In other words, the Bush administration has concluded that global warming (or, more accurately, heating) is not "compelling" or "extraordinary" because it is not local or regional, but national and global. The reasoning takes one's breath away.

A court challenge to the EPA's decision will turn on a question of administrative law that I ask my law students: "Who interprets the laws passed by Congress -- the courts or the executive branch?"

A Supreme Court case in 1984 titled Chevron v. NRDC established a two-step test for answering that question.

Step One: If the law is clear, the courts interpret it and can overturn the government decision (or, shall we say, they just apply the law).

Step Two: If the law is not clear, the courts "defer" to the interpretation by the administrative agency -- as long as it is "permissible" (reasonable).

The best way to challenge a federal agency is to win in Step One. If the court goes to Step Two because of ambiguous statutory language, it often upholds the agency.

Regarding this Step One interpretation, several years ago, when the Supreme Court was deciding whether the FDA could regulate cigarettes, it said the courts are not limited to examining only the bare words of the statute in order to determine whether it is clear. They also can consider "legislative intent" (committee reports, other background material), including the context of the legislation.

Consider this: Congress in 1977 allowed all states -- not just California -- to adopt the stricter California standards. It did this in order to address the widespread problems of air pollution in our nation. But Congress did not limit this reinstatement of states' rights to only states that had their own local or regional problems. It allowed any state to adopt the stricter standards, regardless of the local situation.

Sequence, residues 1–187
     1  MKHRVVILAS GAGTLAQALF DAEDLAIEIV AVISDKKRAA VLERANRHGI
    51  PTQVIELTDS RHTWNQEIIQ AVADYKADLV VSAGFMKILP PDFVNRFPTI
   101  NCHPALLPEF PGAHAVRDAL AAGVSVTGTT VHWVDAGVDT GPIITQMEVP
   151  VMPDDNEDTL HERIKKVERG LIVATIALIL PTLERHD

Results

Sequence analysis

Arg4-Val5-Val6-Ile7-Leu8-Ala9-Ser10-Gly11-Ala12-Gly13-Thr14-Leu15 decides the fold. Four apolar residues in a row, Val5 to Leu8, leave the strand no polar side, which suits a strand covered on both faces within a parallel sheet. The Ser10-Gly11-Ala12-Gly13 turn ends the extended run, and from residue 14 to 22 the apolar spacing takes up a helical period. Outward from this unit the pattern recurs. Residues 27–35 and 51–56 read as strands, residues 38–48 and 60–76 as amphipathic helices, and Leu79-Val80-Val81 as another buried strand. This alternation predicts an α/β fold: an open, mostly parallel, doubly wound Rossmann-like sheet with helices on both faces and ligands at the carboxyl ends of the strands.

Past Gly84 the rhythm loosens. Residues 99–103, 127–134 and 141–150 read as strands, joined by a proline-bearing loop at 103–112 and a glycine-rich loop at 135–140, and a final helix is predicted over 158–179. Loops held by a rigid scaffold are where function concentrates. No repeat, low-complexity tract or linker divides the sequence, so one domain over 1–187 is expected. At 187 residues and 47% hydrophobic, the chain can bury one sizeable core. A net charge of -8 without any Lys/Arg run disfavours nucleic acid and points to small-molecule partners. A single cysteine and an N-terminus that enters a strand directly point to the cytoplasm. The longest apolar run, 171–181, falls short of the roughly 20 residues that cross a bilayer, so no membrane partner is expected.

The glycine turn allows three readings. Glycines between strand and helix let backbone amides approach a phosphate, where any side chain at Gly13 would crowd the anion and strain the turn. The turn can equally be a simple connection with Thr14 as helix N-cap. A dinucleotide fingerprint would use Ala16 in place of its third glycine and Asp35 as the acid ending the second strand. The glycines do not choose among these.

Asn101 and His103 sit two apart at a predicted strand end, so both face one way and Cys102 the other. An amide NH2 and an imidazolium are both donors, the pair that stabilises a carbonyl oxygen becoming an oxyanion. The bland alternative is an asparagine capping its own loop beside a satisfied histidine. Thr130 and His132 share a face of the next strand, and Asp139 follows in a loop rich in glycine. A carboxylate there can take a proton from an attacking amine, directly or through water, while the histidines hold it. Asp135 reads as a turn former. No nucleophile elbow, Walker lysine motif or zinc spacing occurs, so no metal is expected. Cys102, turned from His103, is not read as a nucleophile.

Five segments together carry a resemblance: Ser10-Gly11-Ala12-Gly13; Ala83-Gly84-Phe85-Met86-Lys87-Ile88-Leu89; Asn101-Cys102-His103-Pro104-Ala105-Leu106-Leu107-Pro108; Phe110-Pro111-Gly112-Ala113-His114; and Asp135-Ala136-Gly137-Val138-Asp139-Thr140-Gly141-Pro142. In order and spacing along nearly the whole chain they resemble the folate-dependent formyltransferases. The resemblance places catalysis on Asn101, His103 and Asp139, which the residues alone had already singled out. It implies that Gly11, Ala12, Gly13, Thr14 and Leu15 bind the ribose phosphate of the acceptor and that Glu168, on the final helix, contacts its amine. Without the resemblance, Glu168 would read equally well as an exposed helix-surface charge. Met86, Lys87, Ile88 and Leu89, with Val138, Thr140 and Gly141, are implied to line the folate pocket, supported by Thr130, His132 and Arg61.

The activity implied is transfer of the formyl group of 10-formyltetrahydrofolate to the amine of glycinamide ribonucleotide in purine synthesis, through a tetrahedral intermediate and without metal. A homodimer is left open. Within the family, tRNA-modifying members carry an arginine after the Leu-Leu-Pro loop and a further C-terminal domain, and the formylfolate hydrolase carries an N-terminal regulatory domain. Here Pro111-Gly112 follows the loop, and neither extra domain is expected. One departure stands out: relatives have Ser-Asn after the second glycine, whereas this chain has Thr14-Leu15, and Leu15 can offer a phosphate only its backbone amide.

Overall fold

This suggests that Congress intended that the states be able to address "compelling and extraordinary circumstances" that are national or even global, despite the EPA's administrator claim in vetoing the stricter greenhouse gas standards last week.

Even if the odds of defeating EPA in court are good, the courts take some time to rule. But the planet doesn't have much time.

George Bush's administration is fiddling while the planet burns. This is not the same EPA for which I worked (during the Nixon, Ford and Carter administrations). In those days, we tried to follow the law, and Administrator William Ruckelshaus even invited California to apply for approval of stricter standards.

The present EPA is putting the interests of the oil and automobile industries ahead of the interests of our children and grandchildren. We have to regain an EPA in which the initials really do stand for "environmental" and "protection." While the courts can help, the real answer lies with parents of the next generations. And the real answer lies at the ballot box, not in the courtroom.

John E. Bonine joined the Environmental Protection Agency in 1972 as a staff attorney in the Office of General Counsel. He held supervisory positions during the Ford and Carter administrations, rising to associate general counsel, before leaving in 1978 to join the faculty of the University of Oregon School of Law.

© 2007 Oregon Live LLC